Elysium – A Review


I somehow missed Elysium during its run at the cinema, and as DVD viewing it has languished a while in the wake of a generally negative response from…well, most people.

But I’ve finally gotten around to watching Neil Blomkamp’s follow up — but not sequel — to District 9. Now, I loved District 9. It opened in the cinemas opposite James Cameron’s CGI-heavy borefest Avatar, and generally got pretty short shrift at the time. And yet whereas Avatar was one of the most patronising films I’ve ever seen, District 9 was powerful, moving and deeply, deeply relevant. It was essentially a demonstration what science-fiction should be doing on film.

It was a tough act to follow, even more for a breakout director like Blomkamp, which might go some way towards explaining the disappointment Elysium was met with.

I, however, enjoyed it. And I do think that if you didn’t, you should give it another watch and try to judge it on its own relative merits.

In terms of plot, Elysium takes place in about a hundred and fifty years time.  The rich live on an orbital space-station paradise, whilst everyone else lives in squalor on an extremely overpopulated Earth. Manual worker and reformed(ish) car thief Max (a bald Matt Damon) dreams of Elysium, and when he is subjected to a terminal dosage of radiation, he bolts on a power suit and tries to storm Elysium. Unfortunately, he gets himself wrapped up in the schemes of Elysium’s Secretary of Defence Delacourt (Jodie Foster) and her Earth-based agent Kruger (Sharlto Copley).

The first thing that struck me was that this is a very different beast to District 9. Blomkamp’s first film was fast paced and had a lot of action, but it was more frenetic than in Elysium, moving in fits and bursts. Elysium actually has more of the feel of an action-SF film, not entirely unlike James Cameron’s Aliens. On speed, perhaps. The pace is dizzying, which does create a bit of a blur as far as plot events go,  but for me it accurately showed Max‘s desperation as death bore down on him, the motivation to attempt the impossible.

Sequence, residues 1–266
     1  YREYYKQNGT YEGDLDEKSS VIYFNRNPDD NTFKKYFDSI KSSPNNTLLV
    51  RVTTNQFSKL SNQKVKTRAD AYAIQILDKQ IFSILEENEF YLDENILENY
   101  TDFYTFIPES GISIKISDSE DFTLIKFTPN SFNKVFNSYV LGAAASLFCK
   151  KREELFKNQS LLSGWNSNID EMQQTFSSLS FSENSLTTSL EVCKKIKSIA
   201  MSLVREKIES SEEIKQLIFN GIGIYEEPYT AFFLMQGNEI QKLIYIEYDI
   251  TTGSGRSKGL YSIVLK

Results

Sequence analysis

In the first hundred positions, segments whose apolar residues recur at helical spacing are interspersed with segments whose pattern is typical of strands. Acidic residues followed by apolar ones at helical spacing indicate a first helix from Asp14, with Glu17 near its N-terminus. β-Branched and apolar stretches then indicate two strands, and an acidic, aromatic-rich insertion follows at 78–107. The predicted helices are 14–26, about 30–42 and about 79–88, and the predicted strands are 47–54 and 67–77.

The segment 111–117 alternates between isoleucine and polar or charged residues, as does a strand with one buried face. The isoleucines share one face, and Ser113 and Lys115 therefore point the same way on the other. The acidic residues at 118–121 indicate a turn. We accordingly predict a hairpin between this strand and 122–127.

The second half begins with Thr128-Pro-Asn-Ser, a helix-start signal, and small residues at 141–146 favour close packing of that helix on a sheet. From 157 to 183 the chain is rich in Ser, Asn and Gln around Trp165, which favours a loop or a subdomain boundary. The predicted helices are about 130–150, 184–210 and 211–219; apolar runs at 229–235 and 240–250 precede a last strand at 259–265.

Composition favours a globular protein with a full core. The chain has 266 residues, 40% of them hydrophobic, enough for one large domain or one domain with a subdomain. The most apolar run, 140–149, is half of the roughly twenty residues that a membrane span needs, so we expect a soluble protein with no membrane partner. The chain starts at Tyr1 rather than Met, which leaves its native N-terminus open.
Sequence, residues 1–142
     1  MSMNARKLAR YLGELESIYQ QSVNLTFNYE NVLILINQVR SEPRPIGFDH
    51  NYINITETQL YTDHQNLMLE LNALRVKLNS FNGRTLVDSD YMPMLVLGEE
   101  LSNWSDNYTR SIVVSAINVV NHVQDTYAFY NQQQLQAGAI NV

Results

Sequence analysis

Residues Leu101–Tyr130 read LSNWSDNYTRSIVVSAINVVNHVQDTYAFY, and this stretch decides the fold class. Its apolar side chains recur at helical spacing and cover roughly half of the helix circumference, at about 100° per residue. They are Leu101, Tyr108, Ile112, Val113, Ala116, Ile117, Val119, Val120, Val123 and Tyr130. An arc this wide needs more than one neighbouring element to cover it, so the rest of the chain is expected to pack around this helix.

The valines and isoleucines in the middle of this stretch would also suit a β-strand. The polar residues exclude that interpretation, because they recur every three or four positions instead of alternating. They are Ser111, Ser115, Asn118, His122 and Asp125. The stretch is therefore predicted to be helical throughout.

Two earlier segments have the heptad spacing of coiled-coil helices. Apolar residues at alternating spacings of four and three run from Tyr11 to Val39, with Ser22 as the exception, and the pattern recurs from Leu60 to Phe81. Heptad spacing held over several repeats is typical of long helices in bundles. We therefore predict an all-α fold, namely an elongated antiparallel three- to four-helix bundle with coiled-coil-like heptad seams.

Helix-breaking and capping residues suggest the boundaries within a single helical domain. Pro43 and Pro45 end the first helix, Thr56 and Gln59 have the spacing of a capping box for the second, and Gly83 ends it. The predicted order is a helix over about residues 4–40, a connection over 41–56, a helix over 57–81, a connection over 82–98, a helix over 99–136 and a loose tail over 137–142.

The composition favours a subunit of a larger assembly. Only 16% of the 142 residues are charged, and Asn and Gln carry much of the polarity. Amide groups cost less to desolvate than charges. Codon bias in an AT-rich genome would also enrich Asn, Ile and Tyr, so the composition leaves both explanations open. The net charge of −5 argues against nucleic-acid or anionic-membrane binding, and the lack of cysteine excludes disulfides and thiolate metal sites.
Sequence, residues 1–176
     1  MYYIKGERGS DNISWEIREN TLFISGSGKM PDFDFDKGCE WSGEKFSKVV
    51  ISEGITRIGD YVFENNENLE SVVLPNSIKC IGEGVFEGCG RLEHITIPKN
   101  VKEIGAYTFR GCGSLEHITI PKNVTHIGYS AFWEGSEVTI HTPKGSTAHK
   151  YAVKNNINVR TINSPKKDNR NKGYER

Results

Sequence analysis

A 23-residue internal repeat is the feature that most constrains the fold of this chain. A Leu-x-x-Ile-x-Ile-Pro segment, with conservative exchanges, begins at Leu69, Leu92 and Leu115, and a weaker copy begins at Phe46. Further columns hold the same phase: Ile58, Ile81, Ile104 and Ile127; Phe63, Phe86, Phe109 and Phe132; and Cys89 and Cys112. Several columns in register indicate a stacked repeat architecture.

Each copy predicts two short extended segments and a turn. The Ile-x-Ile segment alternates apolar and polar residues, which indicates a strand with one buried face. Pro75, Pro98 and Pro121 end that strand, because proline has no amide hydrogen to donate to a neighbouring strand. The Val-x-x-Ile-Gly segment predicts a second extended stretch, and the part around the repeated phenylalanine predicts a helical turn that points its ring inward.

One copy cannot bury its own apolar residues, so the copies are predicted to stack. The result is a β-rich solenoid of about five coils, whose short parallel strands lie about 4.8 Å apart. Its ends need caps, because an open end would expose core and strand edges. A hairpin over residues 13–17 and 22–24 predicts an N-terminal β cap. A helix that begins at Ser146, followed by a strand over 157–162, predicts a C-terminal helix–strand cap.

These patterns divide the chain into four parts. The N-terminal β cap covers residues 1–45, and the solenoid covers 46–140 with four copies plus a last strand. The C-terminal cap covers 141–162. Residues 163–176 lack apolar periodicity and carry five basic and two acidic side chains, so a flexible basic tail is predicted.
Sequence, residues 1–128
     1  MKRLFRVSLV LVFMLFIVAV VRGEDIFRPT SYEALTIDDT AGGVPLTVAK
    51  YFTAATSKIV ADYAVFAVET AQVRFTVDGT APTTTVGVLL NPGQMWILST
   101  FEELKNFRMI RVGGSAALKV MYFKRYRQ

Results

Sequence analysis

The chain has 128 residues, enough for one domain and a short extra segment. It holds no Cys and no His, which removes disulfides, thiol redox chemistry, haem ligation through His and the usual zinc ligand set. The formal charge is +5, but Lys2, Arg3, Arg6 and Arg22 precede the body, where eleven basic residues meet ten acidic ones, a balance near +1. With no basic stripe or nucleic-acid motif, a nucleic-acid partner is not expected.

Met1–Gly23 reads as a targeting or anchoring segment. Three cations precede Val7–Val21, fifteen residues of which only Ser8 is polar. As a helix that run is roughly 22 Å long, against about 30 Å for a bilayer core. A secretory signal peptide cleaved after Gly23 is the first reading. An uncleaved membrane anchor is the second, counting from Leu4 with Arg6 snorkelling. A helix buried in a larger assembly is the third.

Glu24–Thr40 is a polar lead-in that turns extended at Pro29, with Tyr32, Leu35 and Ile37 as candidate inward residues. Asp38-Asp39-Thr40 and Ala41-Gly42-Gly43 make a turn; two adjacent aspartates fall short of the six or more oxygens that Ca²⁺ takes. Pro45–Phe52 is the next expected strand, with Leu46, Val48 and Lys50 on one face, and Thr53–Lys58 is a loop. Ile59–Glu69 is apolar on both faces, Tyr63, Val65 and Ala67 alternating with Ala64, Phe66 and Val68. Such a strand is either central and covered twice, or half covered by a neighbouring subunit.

So too the visuals. The images of ruined Earth, the sense of teeming masses, it was all conveyed as excellently as those shots in District 9 of the mothership hovering over Johannesburg. And the technology felt real — those priveleged few on Elysium had devices so slick they looked as if they rolled straight out of the Apple store, whereas those planetside were stuck with cobbled together fix-ups of previous generations.

There were problems, though. Firstly, Max’s childhood friend Frey was an underdeveloped character. She lingered in the hinterland between love interest and ancillary friend, in the end fulfilling little aside from the final climactic motivation. And the aforementioned fast pace did blur out the social commentary elements to a degree — there was no time to muse on the ideas presented, the film just rushed the audience onto the next set-piece.

Yes, it fails to reach the intellectual heights of District 9. But that’s not really its fault. It isn’t trying to be District 9, it is trying to be more of a summer blockbuster, with a little social awareness. Which is something that it achieves. Yes, it would be nice if there was a bit more contemplation and maybe a few fewer gunfights, but it ticks the boxes it set out to, and a few others. Those who marked it down based on a few loose-ends — which there are indeed — I feel are being too harsh. Sharlto Copley and Jodie Foster both gave excellent performances, and when it gets to the end Blomkamp doesn’t flinch away from his ideas or their logical finishing point, but embraces it in a triumph of self-sacrificing social revolution, capturing perfectly the zeitgeist of the 99% movement.

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